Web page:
[Influence of thermodisinfection on impaction of cancellous bone : An in vitro model of femoral impaction bone grafting]
Fölsch C 1, Jahnke A 2, Groß A 2, Martels G 3, Krombach GA 3, Rickert M 4, Kampschulte M 3
Orthopade. 2018 Jan;47(1):39-51. doi: 10.1007/s00132-017-3509-0 . Review. German.
- Klinik und Poliklinik für Orthopädie und Orthopädische Chirurgie, Justus-Liebig-Universität Gießen, Klinikstraße 33, 35392, Gießen, Deutschland. email@example.com.
- Klinik und Poliklinik für Orthopädie und Orthopädische Chirurgie, Labor für Biomechanik, Justus-Liebig-Universität Gießen, Gießen, Deutschland.
- Klinik für Diagnostische und Interventionelle Radiologie, Labor für Experimentelle Radiologie, Justus-Liebig-Universität Gießen, Gießen, Deutschland.
- Klinik und Poliklinik für Orthopädie und Orthopädische Chirurgie, Justus-Liebig-Universität Gießen, Klinikstraße 33, 35392, Gießen, Deutschland.
The reconstruction of bony defects during endoprosthesis revision surgery using „impaction bone grafting“ leads to the possibility of a longstanding osseous integration to achieve good clinical results. Native allogeneic cancellous bone is often used for the procedure. This study examines the influence of thermodisinfection on the impaction behaviour of cancellous bone of different geometries and on the cement distribution.
The cancellous bone was obtained from the femoral heads of 7‑month old pigs. One half of the head was thermodisinfected while the other remained native. Bone chips with sizes of 3-5, 5-8 and 8-10 mm were produced. The impaction was performed in a cylinder model with an internal diameter of 30 mm and with standardized impaction force using an impactor with a weight of 1450 g. The best particle combination was used for the subsequent computer tomography examination of the cement distribution and the contact surface to the bone in different parts of the shaft in seven investigations. For statistic measurements two-dimensional variance analysis including repetitions of measurement and Bonferroni correction, the LSD post-hoc-zest and the Mann Whitney U Test were used. The error probability was set at α = 5%. The SPSS® for Windows software was used for the statistical analysis.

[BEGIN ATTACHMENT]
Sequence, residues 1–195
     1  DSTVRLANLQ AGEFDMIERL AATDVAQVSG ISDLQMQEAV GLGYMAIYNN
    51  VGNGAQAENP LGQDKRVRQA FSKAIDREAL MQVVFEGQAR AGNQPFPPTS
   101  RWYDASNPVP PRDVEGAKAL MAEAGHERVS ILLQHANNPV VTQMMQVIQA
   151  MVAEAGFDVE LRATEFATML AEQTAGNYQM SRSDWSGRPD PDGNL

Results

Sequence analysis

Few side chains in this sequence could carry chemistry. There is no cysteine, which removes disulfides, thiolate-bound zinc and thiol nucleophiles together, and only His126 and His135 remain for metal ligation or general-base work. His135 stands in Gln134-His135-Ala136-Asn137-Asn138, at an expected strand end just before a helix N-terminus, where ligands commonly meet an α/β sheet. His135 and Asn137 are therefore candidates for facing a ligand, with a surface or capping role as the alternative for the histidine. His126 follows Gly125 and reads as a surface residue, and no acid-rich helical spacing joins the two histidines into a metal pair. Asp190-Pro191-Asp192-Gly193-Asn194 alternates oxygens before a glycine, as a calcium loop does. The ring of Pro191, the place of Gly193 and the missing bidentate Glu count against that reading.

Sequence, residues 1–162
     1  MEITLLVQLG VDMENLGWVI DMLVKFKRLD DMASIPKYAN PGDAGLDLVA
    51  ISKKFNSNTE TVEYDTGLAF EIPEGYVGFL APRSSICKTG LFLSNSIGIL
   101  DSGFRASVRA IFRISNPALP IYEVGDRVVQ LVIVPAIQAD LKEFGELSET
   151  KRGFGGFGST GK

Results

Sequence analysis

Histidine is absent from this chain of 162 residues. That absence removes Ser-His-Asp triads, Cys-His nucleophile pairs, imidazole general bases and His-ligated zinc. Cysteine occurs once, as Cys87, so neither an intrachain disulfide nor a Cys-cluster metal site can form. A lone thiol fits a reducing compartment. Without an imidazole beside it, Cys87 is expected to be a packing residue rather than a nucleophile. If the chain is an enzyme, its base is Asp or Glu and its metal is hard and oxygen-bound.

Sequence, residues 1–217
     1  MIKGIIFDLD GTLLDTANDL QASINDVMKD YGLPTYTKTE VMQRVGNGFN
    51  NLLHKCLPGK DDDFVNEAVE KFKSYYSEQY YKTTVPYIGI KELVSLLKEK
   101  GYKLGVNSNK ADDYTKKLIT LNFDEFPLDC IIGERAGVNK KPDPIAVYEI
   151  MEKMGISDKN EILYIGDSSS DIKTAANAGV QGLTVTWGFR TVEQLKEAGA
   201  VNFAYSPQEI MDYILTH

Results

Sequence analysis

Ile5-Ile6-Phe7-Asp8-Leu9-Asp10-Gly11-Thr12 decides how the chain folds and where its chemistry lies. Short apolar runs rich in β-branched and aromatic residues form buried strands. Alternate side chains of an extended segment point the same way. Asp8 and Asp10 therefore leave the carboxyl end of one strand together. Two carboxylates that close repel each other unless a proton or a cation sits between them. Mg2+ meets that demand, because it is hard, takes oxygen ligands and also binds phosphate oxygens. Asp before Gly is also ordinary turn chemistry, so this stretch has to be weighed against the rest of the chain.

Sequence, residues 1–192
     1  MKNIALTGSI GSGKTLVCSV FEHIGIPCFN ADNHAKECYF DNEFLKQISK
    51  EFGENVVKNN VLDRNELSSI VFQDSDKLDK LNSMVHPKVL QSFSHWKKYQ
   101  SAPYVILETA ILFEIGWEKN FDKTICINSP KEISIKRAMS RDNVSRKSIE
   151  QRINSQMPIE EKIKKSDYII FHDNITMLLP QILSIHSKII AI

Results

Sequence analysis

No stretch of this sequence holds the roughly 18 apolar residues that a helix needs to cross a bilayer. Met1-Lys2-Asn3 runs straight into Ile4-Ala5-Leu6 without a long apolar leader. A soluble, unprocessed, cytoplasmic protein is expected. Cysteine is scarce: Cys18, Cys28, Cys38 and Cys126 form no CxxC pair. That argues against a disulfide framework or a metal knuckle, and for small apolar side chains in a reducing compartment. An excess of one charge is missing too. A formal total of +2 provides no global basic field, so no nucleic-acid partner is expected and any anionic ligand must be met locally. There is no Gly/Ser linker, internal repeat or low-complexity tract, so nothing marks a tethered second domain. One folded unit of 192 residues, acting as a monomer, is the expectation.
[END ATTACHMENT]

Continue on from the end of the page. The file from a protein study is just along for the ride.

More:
The distribution of the cancellous and compacted bone also along the shaft revealed no significant difference between thermodisinfected and native cancellous bone at different levels (p > 0.05). Impacted native cancellous bone showed less inclusion of air, which resulted in a better distribution of density compared with thermodisinfected bone overall (p < 0.001). In the distal shaft area the cement volume was significantly larger in conjunction with the native bone. The overall area of cement penetration appeared to be significantly larger for native cancellous bone (p < 0.001).
The impaction of thermodisinfected and native cancellous bone showed greater deformation of the processed bone without any significant difference in the maximum density reached at different levels. Cement volume and cement penetration were pronounced proximally in native and processed cancellous bone. The cement distribution was significantly more distal for the native bone. Distally, the stabilization of the shaft appears to be increasingly dependent on the density of the impacted spongiosa, while proximally, the penetration of the cement into cancellous bone seems to correlate with porosity.
Cementation; Experimental animal models; Porosity; Spongy bone; Transplantation, bone